October 2004 Bulletin

Cancer within

I read Dr. Brian Ziegler’s remarks during the Town Hall Meeting as printed in the Bulletin and emphatically agree with his call to end false and misleading testimony by members of our professional community. The title, “Time to stop the cancer within,” made me think of another pernicious cancer that often causes a suit to be filed. Unfortunately, it is a cancer whose etiology is also the orthopaedic surgery community.

I have had opportunities, as an academic physician, to review cases filed in my locality. I identified a common denominator that could be found in the plaintiff’s testimony under oath in more than 80 percent of these cases. The plaintiff would either be sent for a second opinion or independently seek a second opinion from a sub-specialist. That sub-specialist or one of his residents or staff would comment negatively, and sometimes disparagingly, about the care provided to the patient up to that point.

Some example comments include: “He put up the X-rays and asked, ‘Who did this to you?’”, “This wouldn’t have happened to you if you had started your care with us” and “We’re used to fixing other people’s screw-ups all the time.” I am sad to say that I could provide several more examples from depositions I’ve read. I am ashamed that so-called colleagues of mine have made such comments, especially when there was no departure from the preoperative, operative, or postoperative standard of care in nearly all of the cases. The defendant orthopaedic surgeon’s treatment approach may have differed from that of the orthopaedic surgeon providing the second opinion but was almost never inappropriate or negligent.

In my opinion, comments like these are inappropriate, unprofessional and unbecoming of anybody, especially a physician. Some of my theories as to why a medical professional would make such comments include: 1) intending to “punish” other orthopaedic surgeons with whom the second-opinion physician may disagree; 2) creating an opportunity to generate supplemental medicolegal income; and 3) trying to make oneself look better to the patient by making the previous physician look bad.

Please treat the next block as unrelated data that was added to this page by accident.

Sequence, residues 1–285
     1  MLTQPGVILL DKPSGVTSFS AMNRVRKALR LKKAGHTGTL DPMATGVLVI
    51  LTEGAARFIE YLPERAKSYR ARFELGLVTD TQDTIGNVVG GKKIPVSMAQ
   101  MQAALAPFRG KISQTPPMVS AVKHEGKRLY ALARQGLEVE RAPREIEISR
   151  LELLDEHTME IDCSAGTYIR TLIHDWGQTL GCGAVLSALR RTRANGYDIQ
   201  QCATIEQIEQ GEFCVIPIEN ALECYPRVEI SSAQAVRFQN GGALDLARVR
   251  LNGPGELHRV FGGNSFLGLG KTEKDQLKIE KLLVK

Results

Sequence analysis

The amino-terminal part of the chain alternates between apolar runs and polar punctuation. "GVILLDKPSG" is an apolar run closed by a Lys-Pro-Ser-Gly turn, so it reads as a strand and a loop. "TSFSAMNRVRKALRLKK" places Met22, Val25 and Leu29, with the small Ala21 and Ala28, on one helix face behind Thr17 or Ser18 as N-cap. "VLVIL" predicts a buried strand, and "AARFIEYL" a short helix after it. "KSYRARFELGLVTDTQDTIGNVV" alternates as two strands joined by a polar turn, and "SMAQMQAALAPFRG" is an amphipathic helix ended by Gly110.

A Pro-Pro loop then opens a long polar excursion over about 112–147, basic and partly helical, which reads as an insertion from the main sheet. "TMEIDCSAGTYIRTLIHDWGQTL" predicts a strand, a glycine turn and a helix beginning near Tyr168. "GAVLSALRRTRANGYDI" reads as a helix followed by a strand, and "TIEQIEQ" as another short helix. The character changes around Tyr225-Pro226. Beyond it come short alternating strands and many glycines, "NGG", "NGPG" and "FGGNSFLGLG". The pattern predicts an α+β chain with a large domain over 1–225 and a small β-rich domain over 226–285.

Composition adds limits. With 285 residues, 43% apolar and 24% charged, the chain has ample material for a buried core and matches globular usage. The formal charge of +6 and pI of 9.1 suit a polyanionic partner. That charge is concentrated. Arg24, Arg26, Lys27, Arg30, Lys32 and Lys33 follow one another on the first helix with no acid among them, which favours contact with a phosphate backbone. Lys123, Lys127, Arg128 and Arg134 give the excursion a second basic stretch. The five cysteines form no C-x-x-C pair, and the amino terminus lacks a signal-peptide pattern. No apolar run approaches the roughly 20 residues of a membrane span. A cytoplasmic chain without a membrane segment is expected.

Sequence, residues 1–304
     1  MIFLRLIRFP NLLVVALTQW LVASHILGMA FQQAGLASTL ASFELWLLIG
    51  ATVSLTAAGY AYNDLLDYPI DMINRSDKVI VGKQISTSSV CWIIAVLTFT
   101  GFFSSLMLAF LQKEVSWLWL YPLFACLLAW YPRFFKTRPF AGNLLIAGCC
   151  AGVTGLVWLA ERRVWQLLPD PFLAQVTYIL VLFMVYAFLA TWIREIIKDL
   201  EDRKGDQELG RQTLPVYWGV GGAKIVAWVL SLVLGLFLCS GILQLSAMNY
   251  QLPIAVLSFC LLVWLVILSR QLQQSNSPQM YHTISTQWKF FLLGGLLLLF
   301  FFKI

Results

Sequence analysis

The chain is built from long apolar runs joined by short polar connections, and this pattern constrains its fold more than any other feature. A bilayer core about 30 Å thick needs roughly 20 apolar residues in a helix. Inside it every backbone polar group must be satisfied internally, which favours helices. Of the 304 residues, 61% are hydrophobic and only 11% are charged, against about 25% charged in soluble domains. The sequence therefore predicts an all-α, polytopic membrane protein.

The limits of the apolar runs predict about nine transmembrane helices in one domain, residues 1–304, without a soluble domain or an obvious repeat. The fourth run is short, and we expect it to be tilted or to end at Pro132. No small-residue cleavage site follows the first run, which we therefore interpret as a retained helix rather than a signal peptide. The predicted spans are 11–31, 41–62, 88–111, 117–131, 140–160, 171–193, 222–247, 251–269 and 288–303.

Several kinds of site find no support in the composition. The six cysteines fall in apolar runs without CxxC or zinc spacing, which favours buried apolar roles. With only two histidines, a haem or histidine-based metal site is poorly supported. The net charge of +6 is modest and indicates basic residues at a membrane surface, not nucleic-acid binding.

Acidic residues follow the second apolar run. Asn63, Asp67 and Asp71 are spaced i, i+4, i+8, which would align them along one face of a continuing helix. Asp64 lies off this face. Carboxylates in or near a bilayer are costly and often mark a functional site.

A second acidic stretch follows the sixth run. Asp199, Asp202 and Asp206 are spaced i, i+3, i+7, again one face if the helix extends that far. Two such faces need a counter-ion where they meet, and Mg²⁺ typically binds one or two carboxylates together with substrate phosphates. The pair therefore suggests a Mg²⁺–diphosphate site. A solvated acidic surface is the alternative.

My guess is that the third reason is most likely, given how often I witnessed such behavior during medical school and residency. There is no question that medical school, residency and the practice of orthopaedic surgery are highly competitive; however, behavior that is injurious to one’s competitors benefits nobody and, in fact, hurts our profession as much, or more, than false and misleading testimony. This “cancer within” is easily preventable with professional behavior and remembering to “do unto others as you would have them do unto you.”

Anthony D. Watson, MD
Pittsburgh, Penn.

Correction — Helmet Safety

As an orthopaedic surgeon for 20 years and a bicycle racer for almost 40 years (who has fallen and cracked more than one helmet in his day), I have a keen interest in bicycle safety and helmets. The child shown in the article on page 55 of the August AAOS Bulletin “Helmets Key To Child Safety In Sports” is wearing her helmet incorrectly!

The article states that the helmet should be “level, square to the top of the head and covering the top of the forehead.” She, however, is wearing her helmet on the back of her head like a beanie, as most children do.

While discount department stores sell helmets for a few dollars less than bike shops and every helmet sold in America is CPCS-certified regardless of price, to be effective a helmet should be fitted by a knowledgeable individual. The only place to find someone who can do this correctly is at a bike store and the extra few dollars are well spent.

Joseph Meis, MD

Lincolnshire, IL

Editor’s Note: Dr. Meis wasn’t the only one who caught the discrepancy between the correct description of how to wear a helmet in the article and the incorrect depiction shown in the illustration. The illustration does not appear with the article on the AAOS patient education Web site, and the Bulletin apologizes for using it without a disclaimer.

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